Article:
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On the Reification of Global Constraints
 CONSTRAINTS
"... We introduce a simple idea for deriving reified global constraints in a systematic way. It is based on the observation that most global constraints can be reformulated as a conjunction of total function constraints together with a constraint that can be easily reified. ..."
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We introduce a simple idea for deriving reified global constraints in a systematic way. It is based on the observation that most global constraints can be reformulated as a conjunction of total function constraints together with a constraint that can be easily reified.
MiniZinc with Functions
"... Abstract. Functional relations are ubiquitous in combinatorial problems – the Global Constraint Catalog lists 120 functional constraints. This paper argues that the ability to express functional constraints with functional syntax leads to more elegant and readable models, and that it enables a bette ..."
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Abstract. Functional relations are ubiquitous in combinatorial problems – the Global Constraint Catalog lists 120 functional constraints. This paper argues that the ability to express functional constraints with functional syntax leads to more elegant and readable models, and that it enables a better translation of the models to different underlying solving technologies such as CP, MIP, or SAT. Yet, most modelling languages only support builtin functions, such as arithmetic, Boolean, or array access operations. Custom, userdefined functions are either not catered for at all, or they have an adhoc implementation without a useful semantics in Boolean contexts and not exploiting potential optimisations. This paper develops a translation from MiniZinc with userdefined functions to FlatZinc. The translation respects the relational semantics of MiniZinc, correctly dealing with partial functions in arbitrary Boolean contexts. At the same time, it takes advantage of the full potential of common subexpression elimination. 1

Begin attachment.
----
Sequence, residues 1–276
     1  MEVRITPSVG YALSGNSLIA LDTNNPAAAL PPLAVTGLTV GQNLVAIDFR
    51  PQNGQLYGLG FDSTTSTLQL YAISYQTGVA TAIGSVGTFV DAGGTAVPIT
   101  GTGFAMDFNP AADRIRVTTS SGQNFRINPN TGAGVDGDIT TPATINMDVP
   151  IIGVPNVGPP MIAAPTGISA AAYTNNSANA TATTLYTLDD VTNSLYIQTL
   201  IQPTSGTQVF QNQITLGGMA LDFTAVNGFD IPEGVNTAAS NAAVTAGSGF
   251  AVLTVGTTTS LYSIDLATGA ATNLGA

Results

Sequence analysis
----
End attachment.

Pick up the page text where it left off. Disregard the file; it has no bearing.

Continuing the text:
Explaining TimeTableEdgeFinding Propagation for the Cumulative Resource Constraint
"... Abstract. Cumulative resource constraints can model scarce resources in scheduling problems or a dimension in packing and cutting problems. In order to efficiently solve such problems with a constraint programming solver, it is important to have strong and fast propagators for cumulative resource co ..."
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Abstract. Cumulative resource constraints can model scarce resources in scheduling problems or a dimension in packing and cutting problems. In order to efficiently solve such problems with a constraint programming solver, it is important to have strong and fast propagators for cumulative resource constraints. Timetableedgefinding propagators are a recent development in cumulative propagators, that combine the current resource profile (timetable) during the edgefinding propagation. The current state of the art for solving scheduling and cutting problems involving cumulative constraints are lazy clause generation solvers, i.e., constraint programming solvers incorporating nogood learning, have proved to be excellent at solving scheduling and cutting problems. For such solvers, concise and accurate explanations of the reasons for propagation are essential for strong nogood learning. In this paper, we develop a timetableedgefinding propagator for cumulative that explains its propagations. We give results using this propagator in a lazy clause generation system on resourceconstrained project scheduling problems from various standard benchmark suites. On the standard benchmark suite PSPLib, we are able to improve the lower bound of about 60 % of the remaining open instances, and close 6 open instances. 1